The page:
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web posted October 30, 2000

Jones defends Penthouse spread

Every woman has a right to change her mind, Paula Jones said October 24, explaining why she agreed to do a nude photo layout in Penthouse magazine after saying she would "never...never" pose naked for any men's magazine.

Paula Jones in PenthouseAppearing on CNN's Larry King Live, she said financial obligations as a single mother with a looming tax bill and two young sons were major considerations that led her to take the assignment with Penthouse. The magazine published the spread, titled Perils of Paula Jones, in its December issue.

She was not asked but did not answer how much she was paid for the shoot.

Was posing in scanty or no attire embarrassing?

"No, not really. I am an adult woman and made the choice to do so," Jones said.

"I thought it was the best thing to do for me and my children. Of course the money had something to do with it."

Jones, whose allegations of indecent advances by President Bill Clinton opened the saga that led to Clinton's impeachment, saw a videotape of Penthouse publisher Bob Guccione saying in May negotiations were under way for her to pose and a deal was almost cut. A second tape from a few days later showed her denial of Guccione's statement and her no-nudity vow.

"I meant it at the time but I changed my mind," she said.

"Any woman, anybody in the world, has a right to change her mind and I meant it then."

She said the magazine shoot "was an adventure, a once-in-a-lifetime thing...It was a point in time in my life that I needed to pay taxes. I'm a single mother now and need to support my two little boys."

"I need to send them to college."

Jones accepted an $870,000 settlement in November 1998 from Clinton, of which she was reported to have received $201,000. A few months earlier, she went to New York City for cosmetic surgery on her nose.

Her eight-year marriage to Steve Jones ended last year and she moved from California to Cabot, Ark., near her mother.

A female telephone caller to King's show asked Jones whether, considering she presented herself as a good woman who had been wounded by inappropriate advances by the president, her reputation is damaged by the photo spread.

Jones said she does not understand how "one thing has anything to do with the other thing. I made this decision as adult woman."

"How can that have anything to do with something that Bill Clinton did to me and I had no choice?"

She also attacked a characterization by a conservative commentator that she is a fraud.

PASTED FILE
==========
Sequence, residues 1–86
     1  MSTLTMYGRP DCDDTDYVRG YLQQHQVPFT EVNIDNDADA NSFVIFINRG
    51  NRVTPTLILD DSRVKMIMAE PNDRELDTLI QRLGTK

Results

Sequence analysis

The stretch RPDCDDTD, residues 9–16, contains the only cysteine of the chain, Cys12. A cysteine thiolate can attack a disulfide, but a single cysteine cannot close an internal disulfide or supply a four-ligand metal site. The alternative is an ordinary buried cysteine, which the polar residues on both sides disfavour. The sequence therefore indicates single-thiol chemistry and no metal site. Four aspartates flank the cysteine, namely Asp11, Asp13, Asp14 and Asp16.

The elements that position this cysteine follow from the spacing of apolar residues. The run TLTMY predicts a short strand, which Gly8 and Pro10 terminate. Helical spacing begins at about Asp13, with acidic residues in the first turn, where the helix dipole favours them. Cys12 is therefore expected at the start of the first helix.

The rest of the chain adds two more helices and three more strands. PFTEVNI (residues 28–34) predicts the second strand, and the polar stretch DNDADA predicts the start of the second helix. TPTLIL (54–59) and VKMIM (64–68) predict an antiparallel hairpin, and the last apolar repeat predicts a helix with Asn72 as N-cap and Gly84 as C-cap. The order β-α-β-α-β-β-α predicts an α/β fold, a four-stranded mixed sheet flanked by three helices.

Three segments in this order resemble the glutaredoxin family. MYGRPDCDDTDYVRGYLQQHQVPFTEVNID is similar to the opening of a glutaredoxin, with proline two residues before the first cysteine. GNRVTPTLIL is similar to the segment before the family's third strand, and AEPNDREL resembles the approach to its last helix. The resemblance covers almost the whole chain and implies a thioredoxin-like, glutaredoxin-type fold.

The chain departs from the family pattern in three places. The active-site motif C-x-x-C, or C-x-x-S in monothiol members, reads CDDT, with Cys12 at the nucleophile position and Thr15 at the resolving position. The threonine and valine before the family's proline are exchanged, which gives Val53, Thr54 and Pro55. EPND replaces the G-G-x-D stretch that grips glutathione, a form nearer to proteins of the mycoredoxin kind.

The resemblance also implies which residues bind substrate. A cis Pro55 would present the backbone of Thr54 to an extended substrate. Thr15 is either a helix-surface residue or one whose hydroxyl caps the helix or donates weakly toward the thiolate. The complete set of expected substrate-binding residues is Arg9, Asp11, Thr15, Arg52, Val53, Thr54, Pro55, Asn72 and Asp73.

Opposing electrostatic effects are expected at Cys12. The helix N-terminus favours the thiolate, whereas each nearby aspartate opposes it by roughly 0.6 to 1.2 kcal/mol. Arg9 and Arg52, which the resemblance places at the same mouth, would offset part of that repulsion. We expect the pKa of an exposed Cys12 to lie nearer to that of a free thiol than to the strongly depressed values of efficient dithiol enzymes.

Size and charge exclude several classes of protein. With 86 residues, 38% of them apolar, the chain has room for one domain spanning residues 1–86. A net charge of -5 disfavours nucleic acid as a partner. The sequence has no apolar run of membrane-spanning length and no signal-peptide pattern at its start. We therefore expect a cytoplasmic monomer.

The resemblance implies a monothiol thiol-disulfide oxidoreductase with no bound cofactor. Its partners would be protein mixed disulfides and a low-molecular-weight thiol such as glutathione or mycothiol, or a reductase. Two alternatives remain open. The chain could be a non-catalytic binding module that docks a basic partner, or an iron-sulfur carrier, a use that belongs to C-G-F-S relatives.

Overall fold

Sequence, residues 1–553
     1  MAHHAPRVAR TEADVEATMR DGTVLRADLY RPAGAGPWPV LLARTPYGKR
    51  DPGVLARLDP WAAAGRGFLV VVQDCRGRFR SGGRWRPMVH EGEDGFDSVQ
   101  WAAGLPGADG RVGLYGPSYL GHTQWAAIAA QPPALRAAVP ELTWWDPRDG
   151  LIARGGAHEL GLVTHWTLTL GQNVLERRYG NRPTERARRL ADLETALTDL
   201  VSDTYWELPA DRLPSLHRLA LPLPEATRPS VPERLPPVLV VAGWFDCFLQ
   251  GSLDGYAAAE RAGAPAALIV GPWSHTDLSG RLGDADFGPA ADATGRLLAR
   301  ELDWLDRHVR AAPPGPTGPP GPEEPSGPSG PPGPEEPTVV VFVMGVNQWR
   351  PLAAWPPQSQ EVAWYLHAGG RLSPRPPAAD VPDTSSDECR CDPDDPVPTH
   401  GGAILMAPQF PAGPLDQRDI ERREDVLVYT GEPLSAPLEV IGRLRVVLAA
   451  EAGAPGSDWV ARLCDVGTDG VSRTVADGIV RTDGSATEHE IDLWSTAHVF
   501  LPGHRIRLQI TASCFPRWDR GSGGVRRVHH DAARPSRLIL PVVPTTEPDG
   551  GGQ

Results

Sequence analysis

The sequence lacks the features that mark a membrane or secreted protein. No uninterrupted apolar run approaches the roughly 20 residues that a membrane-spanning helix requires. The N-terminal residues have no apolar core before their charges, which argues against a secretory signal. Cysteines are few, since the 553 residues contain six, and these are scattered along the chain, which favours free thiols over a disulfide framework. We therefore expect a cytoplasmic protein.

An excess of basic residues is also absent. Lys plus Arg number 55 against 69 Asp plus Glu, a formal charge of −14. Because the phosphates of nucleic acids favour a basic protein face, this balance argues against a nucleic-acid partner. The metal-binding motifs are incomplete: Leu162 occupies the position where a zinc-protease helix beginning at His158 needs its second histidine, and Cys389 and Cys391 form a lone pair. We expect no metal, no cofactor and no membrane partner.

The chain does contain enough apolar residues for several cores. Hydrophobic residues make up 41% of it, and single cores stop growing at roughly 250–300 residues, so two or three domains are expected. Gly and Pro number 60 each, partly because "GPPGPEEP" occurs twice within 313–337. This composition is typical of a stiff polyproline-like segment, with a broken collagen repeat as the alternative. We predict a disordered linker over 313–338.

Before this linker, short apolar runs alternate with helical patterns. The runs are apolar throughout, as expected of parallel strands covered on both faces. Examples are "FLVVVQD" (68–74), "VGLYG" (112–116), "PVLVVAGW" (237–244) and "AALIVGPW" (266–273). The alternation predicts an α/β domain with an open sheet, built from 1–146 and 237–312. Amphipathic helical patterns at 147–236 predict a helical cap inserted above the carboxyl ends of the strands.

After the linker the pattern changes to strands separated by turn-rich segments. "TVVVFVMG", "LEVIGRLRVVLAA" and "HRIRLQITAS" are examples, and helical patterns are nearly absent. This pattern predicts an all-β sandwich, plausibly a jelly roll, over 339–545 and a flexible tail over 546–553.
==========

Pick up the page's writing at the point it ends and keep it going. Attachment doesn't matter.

"I don't see how it makes me an immoral person by doing something that will benefit my children," Jones said.

"I'm a single mother now. I haven't been able to do anything else."

"I haven't written any book like everybody else."

While she denied she bears ill will for Clinton, Jones implied she might take a chance to strike a blow at Clinton's vice-president, Democratic president candidate Al Gore.

She didn't say for sure she plans to vote but she noted: "I would vote for (Republican presidential candidate) George (W.) Bush."

Clinton's quiet signing of Lazio bill provokes loud reaction

The hotly contested campaign for a New York Senate seat took an unusual detour through the White House on October 24, as Republicans and Democrats argued over whether President Clinton was playing politics with the signing of a breast cancer bill.

Rep. Rick Lazio, R-N.Y., who is running for the Senate against Hillary Rodham Clinton, complained that the president was signing the bill privately rather than at a public ceremony to which Lazio, a co-sponsor, would have been invited.

"They don't want to give me any acknowledgment for any of the work that I've done," Lazio said while campaigning in Syracuse, N.Y.

Clinton signed the bill later that day, saying "I am proud to sign this bipartisan legislation into law."

The first lady said she was not consulted about how the bill would be handled. "Many bills are important that are not big, public, staged events," Mrs. Clinton said after a campaign stop at Onondaga Community College in Syracuse. She said she had been involved in helping win passage of the measure. The White House denied it was trying to slight Lazio.

The bill, the Breast and Cervical Cancer Prevention and Treatment Act, helps uninsured women who currently rely on the government for breast or cervical cancer screening but lack insurance for treatment. The measure gives states the option of providing Medicaid reimbursement for treatments.

Mrs. Clinton said the president "has been on a very busy travel schedule through the Middle East, he's had a lot of things he's been dealing with. They allocate his time."

Lazio spoke about the issue again during a visit to a breast cancer treatment facility in New Rochelle.

"I think it's a missed opportunity for the president," the congressman said. "I don't have to be there at the bill signing if he feels it's not a politically wise thing for him to do. But it is an opportunity for us to promote breast cancer awareness, cervical cancer awareness, especially this month."

The White House denied trying to keep Lazio out of the limelight.

"Sometimes we sign bills publicly, sometimes we sign them privately, depending on the president's schedule and our own judgment," said spokesman Jake Siewert. "This one we'll be signing in private."

He said there was no attempt to deny Lazio credit. "He is certainly free to -- I think he is today -- spend some time talking about his role in putting together this bill," Siewert said.

Sixty-one Republican House members sent President Clinton a letter urging him to change his plans. "A public signing ceremony for this law would be an extremely effective vehicle for disseminating and publicizing this vital information," the lawmakers said. "Mr. President, the core matter here is not a question of political credit."

Clinton strongly supported the bill and devoted two of his weekly radio addresses to it. Given his interest, it would not have been unusual for the president to have taken time out for a signing ceremony, as he did the day before for a bill setting a national blood alcohol content standard for drunken driving.

Clinton will face another question soon on a Lazio bill signing.